Toyman, Dr. Destiny and Firefly are all notorious nemeses of famed heroes. Toyman, a skilled inventor of deadly toys, became one of Superman's most unpredictable adversaries. A pyromaniac, Firefly uses winged battle armor and a flame thrower to set destructive fires in Gotham City, earning him the attention of Batman. Dr. Destiny invented the "Materioptikon," a device that turns dreams into reality, and used it to invade the nightmares of his foes, often clashing with the entire JLA.
Dr. Destiny is a mostly forgotten villain - he first appeared in Justice League of America #5, where he invented a gravity-controlling
device that let him impersonate Green Lantern. Which doesn't explain why he went by the name "Destiny," or how, in his second appearance, he suddenly had a device that could make dreams real. Eventually the JLA defeated him... by getting a psychiatrist who hypnotized him into being unable to dream at all. Yeah. He disappeared for a decade, then came back with a completely new look.
As a result of being unable to dream (and thus unable to get a restful night's sleep), he got frail, his hair fell out and his skin turned a sickly yellow, making him look like a living skeleton. The figure uses one of the larger bodies, because Dr. D always seemed to be a huge musclebound guy despite supposedly being "withered horribly." He has flared gloves, a new skirt with a large belt, and a big hooded cape.
The head is new, too: it's just a bare skull, with shadows painted around the eyes and mouth. The animators considered giving him a new color scheme so he wouldn't look so much like Skeletor, but what could they do? Make him gray, he looks like Phantasm. Make him green, he looks like Dr. Doom. And anyway, Dr. Destiny started looking like this in 1978 - if anything, Skeletor is copying him.
Toyman is a Superman villain from way back, though he's had a lot of different interpretations over the years. This particular take on the character, with the giant doll head, originated in Superman: the Animated Series - he wasn't Winslow Schott, but rather Winslow's unnamed son. In the comics that was more a metaphorical son than a biological one: he was a robot and went by the name of "Toyboy" (because apparently no one writing for DC knows how to run a Google search).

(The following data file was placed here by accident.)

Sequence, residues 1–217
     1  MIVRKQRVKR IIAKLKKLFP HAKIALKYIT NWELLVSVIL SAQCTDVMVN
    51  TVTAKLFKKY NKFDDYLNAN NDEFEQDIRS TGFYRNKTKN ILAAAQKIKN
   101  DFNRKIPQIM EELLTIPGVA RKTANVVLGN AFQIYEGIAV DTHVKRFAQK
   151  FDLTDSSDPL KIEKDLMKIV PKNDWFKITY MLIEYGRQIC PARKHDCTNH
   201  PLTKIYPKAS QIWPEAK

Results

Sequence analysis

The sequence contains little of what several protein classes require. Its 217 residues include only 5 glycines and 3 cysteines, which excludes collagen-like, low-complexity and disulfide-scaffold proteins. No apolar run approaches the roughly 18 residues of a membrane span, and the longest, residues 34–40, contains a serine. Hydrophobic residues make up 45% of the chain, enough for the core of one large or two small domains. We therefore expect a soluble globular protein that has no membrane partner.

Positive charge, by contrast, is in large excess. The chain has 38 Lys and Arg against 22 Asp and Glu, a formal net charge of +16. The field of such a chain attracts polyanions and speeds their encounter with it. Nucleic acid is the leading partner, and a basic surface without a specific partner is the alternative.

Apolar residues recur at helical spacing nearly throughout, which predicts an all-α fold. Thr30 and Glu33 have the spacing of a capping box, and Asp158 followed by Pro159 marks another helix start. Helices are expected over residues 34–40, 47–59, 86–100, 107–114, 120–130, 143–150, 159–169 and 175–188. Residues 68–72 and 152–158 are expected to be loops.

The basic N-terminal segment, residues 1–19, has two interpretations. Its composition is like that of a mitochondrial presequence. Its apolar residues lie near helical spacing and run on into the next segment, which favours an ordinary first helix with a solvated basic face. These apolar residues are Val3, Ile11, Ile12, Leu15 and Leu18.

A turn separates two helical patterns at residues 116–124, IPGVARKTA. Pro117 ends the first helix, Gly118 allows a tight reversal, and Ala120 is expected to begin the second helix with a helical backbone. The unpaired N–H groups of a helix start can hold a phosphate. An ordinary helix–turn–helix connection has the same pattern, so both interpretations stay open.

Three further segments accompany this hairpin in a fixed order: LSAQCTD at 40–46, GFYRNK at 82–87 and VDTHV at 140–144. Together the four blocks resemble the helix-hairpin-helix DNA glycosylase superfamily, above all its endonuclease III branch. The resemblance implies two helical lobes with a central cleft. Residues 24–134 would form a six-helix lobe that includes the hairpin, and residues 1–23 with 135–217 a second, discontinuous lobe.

Toyman was always shown to be rather short in the cartoon, and as such, he gets an entirely new sculpt. He's got stumpy little legs, a sweater vest and a bowtie - certainly not something that could be reused from one of Mattel's normal stock of JLU bodies! Even the proportions are different, since he needs to be short.
It would have made sense for Toyman to be included in the "Hereafter" three-pack, instead of that stupid Batman figure, but this one is clearly based on the Season 5 episode "Alive." How can you tell? Because of the thin black lines on his forehead. When the supervillains started fighting amongst themselves, Toyman headbutted Killer Frost, cracking his giant creepy doll face in the process.
Firefly is, of course, a Batman villain, and I was all ready to say that his inclusion in this set was stupid because, being a Batman villain,
he never appeared on Justice League (thanks to the so-called "Bat-embargo" that kept them from using anyone other than Batman himself). But hey, that's why we do research and fact-checking before you read these reviews: Firefly was on the cartoon; in fact, he appeared in the same episode as Dr. Destiny!
Garfield Lynns was a pyrotechnician for a musician's concert tour, but he was obsessed with her and kind of stalker-y. She fired him, and he tried to burn her in retaliation. The figure's constuction is odd: he uses one of the thinner JLU bodies, and has new arms and legs; but the legs are different lengths, so he's permanently leaning to the side; and the arms are thin enough that the shoulders don't line up properly with the torso. Mattel skimped out on Firefly's flame gun, but his winged jetpack is all-new.
The head is also new, but the angle of his neck makes him look really weird. His head juts forward like Creeper's was supposed to. And yes, the model sheet did the same thing, but why? There are red highlights on the black lenses of his mask, and in an attempt to make his 2D belt look like 3D pouches, the silver apps are slightly misaligned. They should have sculpted them.
Barring any unannounced surprises, this is Mattel's final JLU release. Clearly they wanted to go out on a high note, offering three new characters - one from BtAS, one from Superman, and one from Justice League - and all three of them have substantial new sculpting. There's been a lot of crap released in this line over the years, but this set is a good one.